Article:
Bureau of Population, Refugees, and Migration
March 1, 2001
U.S. Refugee Admissions and Resettlement Program
The U.S. considers for refugee admission persons of special humanitarian concern who can establish persecution or a well-founded fear of persecution on account of race, religion, nationality, membership in a particular social group, or political opinion. The legal basis of the refugee admissions program is the Refugee Act of 1980 which embodies the American tradition of granting refuge to diverse groups suffering or fearing persecution.
Each year, there is an extensive consultative process during which representatives of the Administration and Congress, state and local governments, and private voluntary organizations focus on refugee resettlement needs worldwide and the domestic and international implications of U.S. refugee policy. The President, after congressional consultations, establishes refugee admissions levels and regional allocations for the coming fiscal year. A worldwide processing priority system sets the guidelines for the orderly management of refugee applications for admission to the U.S. within the regional ceilings.
Eligibility for refugee status is decided on a case-by-case basis. Immigration and Naturalization Service (INS) officers conduct personal interviews of all applicants. Those found eligible for refugee status and their immediate family members have medical examinations and attend cultural orientation sessions prior to departure for the U.S. Each refugee case is assigned to an American private voluntary agency that, working under a cooperative agreement with the Department of State, provides sponsorship and initial resettlement services, including housing, essential furnishings, food and other basic necessities, clothing, and additional orientation.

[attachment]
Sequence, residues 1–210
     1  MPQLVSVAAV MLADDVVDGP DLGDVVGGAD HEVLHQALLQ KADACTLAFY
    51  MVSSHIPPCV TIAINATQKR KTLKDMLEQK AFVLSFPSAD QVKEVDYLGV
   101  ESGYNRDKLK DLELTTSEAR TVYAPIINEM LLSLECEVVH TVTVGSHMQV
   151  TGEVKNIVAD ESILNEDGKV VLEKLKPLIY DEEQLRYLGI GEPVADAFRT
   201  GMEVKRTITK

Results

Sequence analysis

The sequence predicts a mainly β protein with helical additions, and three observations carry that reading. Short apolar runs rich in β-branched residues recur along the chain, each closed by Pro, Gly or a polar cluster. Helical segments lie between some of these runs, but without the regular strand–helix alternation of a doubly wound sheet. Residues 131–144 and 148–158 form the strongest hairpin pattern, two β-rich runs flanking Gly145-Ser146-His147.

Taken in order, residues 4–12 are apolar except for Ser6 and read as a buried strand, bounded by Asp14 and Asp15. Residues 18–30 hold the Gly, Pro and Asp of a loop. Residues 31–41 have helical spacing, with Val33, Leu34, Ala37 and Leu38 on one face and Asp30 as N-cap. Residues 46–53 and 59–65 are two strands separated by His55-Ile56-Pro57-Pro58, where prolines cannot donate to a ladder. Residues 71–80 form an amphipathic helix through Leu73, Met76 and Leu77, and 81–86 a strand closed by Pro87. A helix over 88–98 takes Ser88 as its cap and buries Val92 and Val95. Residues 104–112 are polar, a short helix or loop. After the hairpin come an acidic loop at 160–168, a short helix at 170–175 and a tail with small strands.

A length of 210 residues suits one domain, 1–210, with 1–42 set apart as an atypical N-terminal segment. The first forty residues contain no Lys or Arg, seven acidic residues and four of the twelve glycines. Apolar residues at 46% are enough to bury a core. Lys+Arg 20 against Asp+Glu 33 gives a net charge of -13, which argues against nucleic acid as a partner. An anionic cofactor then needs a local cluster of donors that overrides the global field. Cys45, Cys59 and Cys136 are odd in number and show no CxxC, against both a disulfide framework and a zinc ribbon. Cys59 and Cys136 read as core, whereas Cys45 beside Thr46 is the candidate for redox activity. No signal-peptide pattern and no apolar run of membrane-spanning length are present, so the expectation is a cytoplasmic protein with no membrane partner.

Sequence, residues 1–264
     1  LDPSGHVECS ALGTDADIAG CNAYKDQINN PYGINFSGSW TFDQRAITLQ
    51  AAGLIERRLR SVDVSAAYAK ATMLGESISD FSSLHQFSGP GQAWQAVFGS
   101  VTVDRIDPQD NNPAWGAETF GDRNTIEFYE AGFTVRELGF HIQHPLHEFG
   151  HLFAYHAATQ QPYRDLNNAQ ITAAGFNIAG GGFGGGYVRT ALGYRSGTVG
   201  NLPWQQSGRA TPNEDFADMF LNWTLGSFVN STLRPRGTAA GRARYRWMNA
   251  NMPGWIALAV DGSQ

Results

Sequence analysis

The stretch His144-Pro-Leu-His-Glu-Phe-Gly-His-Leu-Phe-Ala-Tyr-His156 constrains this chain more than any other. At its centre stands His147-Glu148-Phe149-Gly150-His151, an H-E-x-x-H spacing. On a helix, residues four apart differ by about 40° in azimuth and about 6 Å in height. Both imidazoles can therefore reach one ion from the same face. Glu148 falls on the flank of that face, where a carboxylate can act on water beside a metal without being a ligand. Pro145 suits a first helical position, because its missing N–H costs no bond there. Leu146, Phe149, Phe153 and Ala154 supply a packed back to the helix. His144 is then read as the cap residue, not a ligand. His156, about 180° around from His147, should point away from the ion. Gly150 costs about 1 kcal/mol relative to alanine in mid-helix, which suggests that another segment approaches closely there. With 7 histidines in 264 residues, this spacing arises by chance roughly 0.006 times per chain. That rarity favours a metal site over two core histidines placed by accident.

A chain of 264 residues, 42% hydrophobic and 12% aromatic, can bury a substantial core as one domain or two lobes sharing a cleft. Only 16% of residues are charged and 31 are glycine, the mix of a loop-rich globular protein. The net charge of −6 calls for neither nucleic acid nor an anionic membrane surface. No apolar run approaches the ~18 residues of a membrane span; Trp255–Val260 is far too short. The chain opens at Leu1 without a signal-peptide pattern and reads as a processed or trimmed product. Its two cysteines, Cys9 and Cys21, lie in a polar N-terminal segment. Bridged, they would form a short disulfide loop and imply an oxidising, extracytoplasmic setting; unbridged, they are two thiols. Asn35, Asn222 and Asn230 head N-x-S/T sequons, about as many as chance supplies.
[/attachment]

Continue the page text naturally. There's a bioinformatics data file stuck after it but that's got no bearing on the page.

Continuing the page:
Transportation arrangements to the U.S. are usually made through the International Organization for Migration (IOM). Refugees are expected to repay the cost of their transportation. At the U.S. port of entry, INS admits the refugee officially to the U.S. and authorizes employment.
The U.S. Government's priority is to promote economic self-sufficiency as quickly as possible to limit the need for public assistance and encourage refugees to contribute to the diversity and enrichment of our country as previous newcomers have done. Programs funded by the Department of Health and Human Services and administered by each State provide cash and medical assistance, training programs and employment and other support services to assist refugees to make the adjustment to life in the U.S. After five years of residency, refugees are eligible to apply for U.S. citizenship.
Since 1975, over two million refugees have been offered permanent resettlement in the U.S.:
FY 2001 Admissions Program
The FY 2001 admissions ceiling is 80,000, distributed as follows: